After a stunning 31-30 loss to Ole Miss at home, Tim Tebow apologized to Florida’s fans during his postgame press conference.
"I’m sorry. I’m extremely sorry,” he said, fighting back tears. "We were hoping for an undefeated season. That was my goal, something Florida has never done before.”
Then Florida’s junior quarterback made a career-defining vow.
"I promise you one thing, a lot of good will come out of this,” he said. "You will never see any player in the entire country play as hard as I will play the rest of the season. You will never see another player push his team as hard as I will push everybody the rest of the season. You will never see a team play harder than we will the rest of the season."
Tebow made good on his vow as the Gators rolled to nine straight double-digit victories to win the SEC Championship and advance to the BCS National Championship, where Jan. 8 they’ll face the Oklahoma Sooners.
Ask Tebow’s teammates, and they’ll reply the Ole Miss address proved to be the turning point in their season.
"When Tebow made those comments, I really took to heart what he said,” said Gator junior wide receiver David Nelson, a perennial underachiever who emerged as a dangerous playmaker during the second half of the season.
"I said, ‘It’s time to work on my all-around game and really come out there and focus on every rep, every play I’ve ever practiced.’”
But long after his time in Gainesville is done, Tebow will be remembered for much more than a rally cry.
He will be known as Tebow the Heisman winner, who brought a revolutionary style of quarterbacking to college football.
He will also be known as Tebow the Christian missionary, who spent spring breaks and summers working with Filipino children.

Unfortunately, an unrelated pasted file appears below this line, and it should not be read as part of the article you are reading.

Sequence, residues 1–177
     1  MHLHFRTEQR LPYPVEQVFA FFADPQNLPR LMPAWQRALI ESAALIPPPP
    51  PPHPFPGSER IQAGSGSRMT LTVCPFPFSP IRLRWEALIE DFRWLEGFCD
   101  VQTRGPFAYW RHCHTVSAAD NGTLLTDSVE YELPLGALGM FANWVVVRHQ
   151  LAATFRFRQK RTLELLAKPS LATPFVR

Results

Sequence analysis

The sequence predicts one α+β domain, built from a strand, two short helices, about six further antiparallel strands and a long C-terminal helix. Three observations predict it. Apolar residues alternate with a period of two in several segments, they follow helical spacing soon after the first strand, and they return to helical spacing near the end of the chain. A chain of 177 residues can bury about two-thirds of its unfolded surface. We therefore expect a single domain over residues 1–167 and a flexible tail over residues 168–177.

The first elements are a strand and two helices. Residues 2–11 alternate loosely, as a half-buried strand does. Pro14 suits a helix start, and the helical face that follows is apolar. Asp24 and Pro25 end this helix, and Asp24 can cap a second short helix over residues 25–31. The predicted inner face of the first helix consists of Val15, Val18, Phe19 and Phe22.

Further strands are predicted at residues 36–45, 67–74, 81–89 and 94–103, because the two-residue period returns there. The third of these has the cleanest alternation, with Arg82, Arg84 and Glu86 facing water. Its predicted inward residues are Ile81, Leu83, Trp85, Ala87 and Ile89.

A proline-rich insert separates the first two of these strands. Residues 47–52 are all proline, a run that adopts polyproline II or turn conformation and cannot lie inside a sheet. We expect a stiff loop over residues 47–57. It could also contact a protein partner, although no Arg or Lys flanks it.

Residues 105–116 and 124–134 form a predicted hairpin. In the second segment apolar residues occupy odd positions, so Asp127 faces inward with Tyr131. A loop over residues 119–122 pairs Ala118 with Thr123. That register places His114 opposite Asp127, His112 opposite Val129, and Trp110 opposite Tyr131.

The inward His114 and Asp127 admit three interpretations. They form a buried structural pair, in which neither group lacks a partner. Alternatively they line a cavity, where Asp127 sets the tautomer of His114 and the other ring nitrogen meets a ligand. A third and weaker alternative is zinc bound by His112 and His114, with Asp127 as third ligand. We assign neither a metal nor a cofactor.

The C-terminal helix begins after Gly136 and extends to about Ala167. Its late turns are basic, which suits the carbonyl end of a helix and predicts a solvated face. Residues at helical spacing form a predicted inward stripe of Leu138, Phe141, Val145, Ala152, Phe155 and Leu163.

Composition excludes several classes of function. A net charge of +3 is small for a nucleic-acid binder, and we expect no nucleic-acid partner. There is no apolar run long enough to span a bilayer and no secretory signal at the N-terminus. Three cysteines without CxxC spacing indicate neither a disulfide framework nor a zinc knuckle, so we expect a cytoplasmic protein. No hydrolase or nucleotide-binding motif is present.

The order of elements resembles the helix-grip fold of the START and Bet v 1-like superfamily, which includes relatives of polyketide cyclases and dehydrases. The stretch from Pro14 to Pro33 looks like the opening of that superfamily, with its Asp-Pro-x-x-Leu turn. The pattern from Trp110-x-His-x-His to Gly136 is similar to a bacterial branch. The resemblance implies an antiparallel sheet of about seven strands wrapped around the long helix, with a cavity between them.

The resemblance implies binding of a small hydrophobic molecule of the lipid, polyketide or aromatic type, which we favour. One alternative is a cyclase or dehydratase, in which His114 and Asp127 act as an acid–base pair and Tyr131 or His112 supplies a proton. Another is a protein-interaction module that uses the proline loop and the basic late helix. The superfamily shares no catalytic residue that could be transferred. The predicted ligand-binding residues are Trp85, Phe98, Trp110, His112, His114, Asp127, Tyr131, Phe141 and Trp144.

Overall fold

And he will be known as Tebow the persona, who once signed a baby and is changing the laws in a rival state.
To win the national title, Oklahoma will have to contain Tebow, the heartbeat of the Gator offense.
"We have to come out early and stop the run game, stop Tebow from running,” said Sooner free safety Lendy Holmes. "We have to try and make him throw the ball, which he can do. But his comfort zone is running the ball."
Unfortunately for the Sooners, Tebow is pretty good at both.
Last year, he became the first player in NCAA Division I history to pass and rush for 20 touchdowns in a season. Tebow finished with 55 total touchdowns, a statistic Heisman voters couldn’t ignore as they made him the first-ever sophomore to win the Heisman Trophy.
"We really haven’t seen a quarterback of his caliber,” said OU strong safety Nic Harris.
But this year, touchdowns haven’t been the only story. His greatest impact has been as Florida’s leader, underscored by his speech after the Ole Miss loss.